Mechanisms Of Evolutionary Change: The Founder Effect

The Founder Effect

Founder Effect: As definite as they may seem, some biological processes could occur randomly. In fact, the evolution of some species of living organisms is believed to arise from such.

Several theories have argued about changes that occur in gene frequencies that trigger the generation of some species.

For instance, one particular principle was proposed and scientific-wise, it serves as a strong force in the origin of species: Founder effect.

Previously, we had explored the chromosomal mutations and Autosomal Recessive Inheritance. In this article, we’ll explore the principles of Founder effect, how it impacts existing living organisms, and several recorded examples of it.

What is Founder Effect?

By definition, Founder effect[1] is the loss of genetic variation that occurs when a small group of individuals is separated from a larger group and then establishes a new population. Originally, Founder effect was proposed in order to explain the origin of islands located in high elevations. Now, it serve as an event to justify the origins of species.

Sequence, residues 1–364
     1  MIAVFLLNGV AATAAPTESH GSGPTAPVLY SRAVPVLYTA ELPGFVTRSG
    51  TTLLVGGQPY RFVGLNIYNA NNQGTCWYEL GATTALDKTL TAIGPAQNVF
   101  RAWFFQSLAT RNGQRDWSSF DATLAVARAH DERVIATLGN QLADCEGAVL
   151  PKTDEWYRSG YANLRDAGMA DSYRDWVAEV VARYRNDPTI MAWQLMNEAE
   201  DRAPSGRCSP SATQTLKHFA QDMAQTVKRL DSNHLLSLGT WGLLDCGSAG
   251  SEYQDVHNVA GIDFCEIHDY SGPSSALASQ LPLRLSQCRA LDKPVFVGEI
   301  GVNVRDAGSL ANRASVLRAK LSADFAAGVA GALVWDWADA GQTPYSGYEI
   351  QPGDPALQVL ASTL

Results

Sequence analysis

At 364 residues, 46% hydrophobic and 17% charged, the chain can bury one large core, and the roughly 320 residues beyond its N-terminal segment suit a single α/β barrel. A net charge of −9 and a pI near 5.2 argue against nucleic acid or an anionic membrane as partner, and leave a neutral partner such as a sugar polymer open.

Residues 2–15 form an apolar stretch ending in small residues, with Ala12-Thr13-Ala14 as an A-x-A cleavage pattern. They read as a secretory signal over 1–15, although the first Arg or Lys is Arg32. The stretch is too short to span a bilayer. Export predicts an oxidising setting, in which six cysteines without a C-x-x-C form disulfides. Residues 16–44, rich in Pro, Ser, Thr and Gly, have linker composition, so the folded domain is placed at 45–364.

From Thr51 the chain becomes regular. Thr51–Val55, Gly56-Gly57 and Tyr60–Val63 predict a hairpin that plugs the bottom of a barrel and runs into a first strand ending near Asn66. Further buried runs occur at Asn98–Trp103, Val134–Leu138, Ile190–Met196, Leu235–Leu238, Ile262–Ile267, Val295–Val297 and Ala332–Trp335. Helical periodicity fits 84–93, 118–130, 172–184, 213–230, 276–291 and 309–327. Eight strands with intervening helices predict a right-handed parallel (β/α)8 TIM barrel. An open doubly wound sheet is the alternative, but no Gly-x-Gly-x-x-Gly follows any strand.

• The Founder effect is considered as a sub-type of Bottleneck effect[2] , which is defined as the loss of the variation in the alleles after the founding of a new population from the main population. But unlike bottlenecks that last until the population is small, Founder effect is just an instant event.
  • The alleles present in the new population may not necessarily reflect those of the larger population. And the more that the new population grows; it becomes more and more distinct from the original one.
  • The chances of passing on the gene increase more when the individuals in the new population tend to mate within and interbreed.

A good illustration of this phenomenon can be seen below here:

Founder Effect: History & Origin

During the 1940s, the discovery of the concept of the Founder effect can be attributed to scientist Ernst Mayr[3] . Originally, Mayr called this phenomenon as the “peripatric speciation” or “founder-effect speciation“. In some New Guinea islands, Mayr observed that some populations of birds are very distinct from the main bird population. He hypothesized that this phenomenon could only occur by the isolation of a certain gene of the main population (resulting to bottleneck effect), genetic drift, and natural selection.